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National Crime Agency calls for additional funding to tackle 21st century crime

Organised criminal gangs represent the biggest cyber threat to the UK, and law enforcement has identified rogue servers hosted in the UK

A £2.7bn investment in law enforcement is needed to combat serious organised crime over the next three years, a strategic assessment by the National Crime Agency (NCA) has warned.

Commenting on the release of the NCA’s National strategic assessment of serious organised crime 2019 report, NCA director general Lynne Owen said: “Serious organised crime affects more UK citizens, more frequently than any other national security threat. And it costs the UK at least £37bn a year – equivalent to nearly £2,000 per family.”

The NCA report warned that the threat from cyber crime to the UK is continuing to evolve in complexity. It found that ransomware remains a significant part of the threat landscape, while spam and phishing emails remain the primary malware infection methods.

The report highlighted that UK-based virtual infrastructure, including command and control panels and communication servers, have increasingly been identified in law enforcement investigations. However, the NCA said it was unclear whether this indicates improved law enforcement ability to detect criminal assets, or growing criminal use of UK hosting services.

The assessment warned that financial trojans created by Russian language organised criminal gangs represent the biggest cyber crime threat to the UK. These trojans are a form of malicious software targeting online banking users.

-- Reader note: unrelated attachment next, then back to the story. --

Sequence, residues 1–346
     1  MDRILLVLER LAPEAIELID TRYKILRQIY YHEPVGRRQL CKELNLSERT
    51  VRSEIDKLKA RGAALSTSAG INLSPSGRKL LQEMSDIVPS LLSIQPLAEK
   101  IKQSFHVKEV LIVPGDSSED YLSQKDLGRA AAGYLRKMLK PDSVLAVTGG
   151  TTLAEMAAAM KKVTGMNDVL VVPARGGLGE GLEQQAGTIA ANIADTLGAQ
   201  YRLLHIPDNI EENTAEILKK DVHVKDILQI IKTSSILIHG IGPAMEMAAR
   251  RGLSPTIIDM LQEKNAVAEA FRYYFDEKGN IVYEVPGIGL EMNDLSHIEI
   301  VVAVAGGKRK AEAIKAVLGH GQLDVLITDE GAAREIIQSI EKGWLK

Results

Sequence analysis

“Elite cyber organised crime groups increasingly use ‘modular malware’, which offers a multitude of opportunities beyond the immediate theft of financial data,” the report said. “These include the use of ransomware – a form of malware that restricts access to a device or network until a ransom is paid.”

The NCA also found that the financial data most coveted by cyber criminals was changing. “Improved global credit card security is highly likely to have encouraged criminals to target CVV [card verification value] data of the type ‘scraped’ from payment pages during high-profile breaches in 2018,” it said. “This is done in light of the fact that CVV data can be used in subsequent fraudulent activity.”

The NCA said the £2.7bn in additional funding would enable the agency to meet growing demand and to build capabilities in areas such as digital forensics, covert surveillance, financial investigations and other critical areas law enforcement needs to combat serious organised crime in the 21st century.

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